Airplanes Can Make People Act Crazy

by Greg Reigel 1. January 2008 00:00
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As I reflect back on 2007, a variety of my experiences with clients re-affirm my long-held belief that airplanes can make people act "crazy". Why do I believe that? Well, over the years I have had multiple clients who are intelligent individuals, but when they became involved with airplanes they did things that, to me, were just plain crazy. That doesn't mean they are bad people. On the contrary, they are often some of the most honest and good-natured people you will find. Unfortunately, in the face of the aviation disease with which we pilots are all infected, these individuals' common sense sometimes takes flight.

Several examples of this "craziness" come to mind:

1. Individuals buying or selling aircraft on a handshake without a written purchase agreement. Now, don't get me wrong, I will be the first to admit that, in a perfect world, this is the way a deal should be done. Unfortunately, we don't live in a perfect world and successful handshake deals are few and far between. A similar, and equally distressing situation for me, is when a client presents me with a purchase agreement he or she has already signed and asks me what the language means, or the client informs me that the other party now wants to get out of the deal and the client wants to know if he or she can stop them, what happens to the earnest money etc.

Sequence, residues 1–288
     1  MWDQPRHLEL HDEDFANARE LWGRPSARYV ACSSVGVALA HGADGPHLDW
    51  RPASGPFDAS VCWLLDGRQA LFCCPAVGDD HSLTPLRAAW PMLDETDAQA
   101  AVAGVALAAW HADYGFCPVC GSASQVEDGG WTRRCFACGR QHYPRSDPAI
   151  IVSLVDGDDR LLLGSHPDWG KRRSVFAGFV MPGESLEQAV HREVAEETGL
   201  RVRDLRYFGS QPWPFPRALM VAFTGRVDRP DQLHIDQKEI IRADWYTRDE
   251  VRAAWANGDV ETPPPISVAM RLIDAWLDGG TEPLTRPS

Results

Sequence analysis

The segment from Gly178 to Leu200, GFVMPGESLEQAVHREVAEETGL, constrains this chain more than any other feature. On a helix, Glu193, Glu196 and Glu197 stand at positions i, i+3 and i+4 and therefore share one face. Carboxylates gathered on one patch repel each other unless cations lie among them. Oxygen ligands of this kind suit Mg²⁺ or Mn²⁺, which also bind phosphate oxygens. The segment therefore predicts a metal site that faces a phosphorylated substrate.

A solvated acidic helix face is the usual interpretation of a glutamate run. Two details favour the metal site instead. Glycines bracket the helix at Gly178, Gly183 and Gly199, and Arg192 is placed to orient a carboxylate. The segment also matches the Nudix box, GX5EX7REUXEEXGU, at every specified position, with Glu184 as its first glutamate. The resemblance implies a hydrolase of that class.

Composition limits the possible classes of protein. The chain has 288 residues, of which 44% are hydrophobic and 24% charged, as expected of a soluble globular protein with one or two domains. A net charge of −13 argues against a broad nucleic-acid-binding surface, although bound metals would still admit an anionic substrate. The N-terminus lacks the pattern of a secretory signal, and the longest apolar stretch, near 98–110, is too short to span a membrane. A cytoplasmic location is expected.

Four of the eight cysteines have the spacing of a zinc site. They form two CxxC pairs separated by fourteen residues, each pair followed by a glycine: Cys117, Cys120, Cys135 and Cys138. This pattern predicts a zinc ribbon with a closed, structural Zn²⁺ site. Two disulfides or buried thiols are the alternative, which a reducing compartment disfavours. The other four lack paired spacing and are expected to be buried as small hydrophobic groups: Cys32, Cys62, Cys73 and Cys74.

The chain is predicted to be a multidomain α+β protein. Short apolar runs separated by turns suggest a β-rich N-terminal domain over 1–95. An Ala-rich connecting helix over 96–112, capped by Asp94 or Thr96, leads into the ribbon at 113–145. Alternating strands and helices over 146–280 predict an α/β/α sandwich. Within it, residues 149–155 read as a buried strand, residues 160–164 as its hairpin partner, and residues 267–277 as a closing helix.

In the latter situation, the purchase agreement was typically not reviewed by an attorney or someone else with the needed knowledge to protect the client's interest. In both situations, the client lost the opportunity to negotiate and not only protect his or her interests, but also to make sure that the deal is structured the way he or she wants it structured. When you are spending the amount of money necessary for an aircraft purchase (e.g. thousands and, oftentimes, hundreds of thousands of dollars), it seems crazy to me not to have a negotiated and written agreement dictating exactly how the transaction will proceed and what will happen if the deal doesn't close.

2. I see clients making similarly crazy decisions when they lease aircraft without a detailed lease agreement. In the absence of a written aircraft lease agreement an aircraft lessee may be exposing him or herself to liability for more than just an hourly lease fee. For example, what happens if the aircraft is damaged while in the lessee's possession? For what is the lessee responsible? Does the lessor have insurance to cover the loss and is the lessee also insured? Who is responsible for the cost of maintenance and/or repairs when the aircraft is in the lessee's possession? A written aircraft lease agreement should provide answers to these questions so both the aircraft lessor and aircraft lessee each know where they stand.

3. Another less than prudent client decision, in my opinion, occurs when a client buys an aircraft without having a title search performed to identify any liens or encumbrances against the aircraft. The client later learns that the aircraft was, and still is, encumbered by a lien, mortgage or some other similar security interest. The client then comes to me wondering whether he or she has any recourse against the seller. Unfortunately, at that point in time the client's remedies may be limited.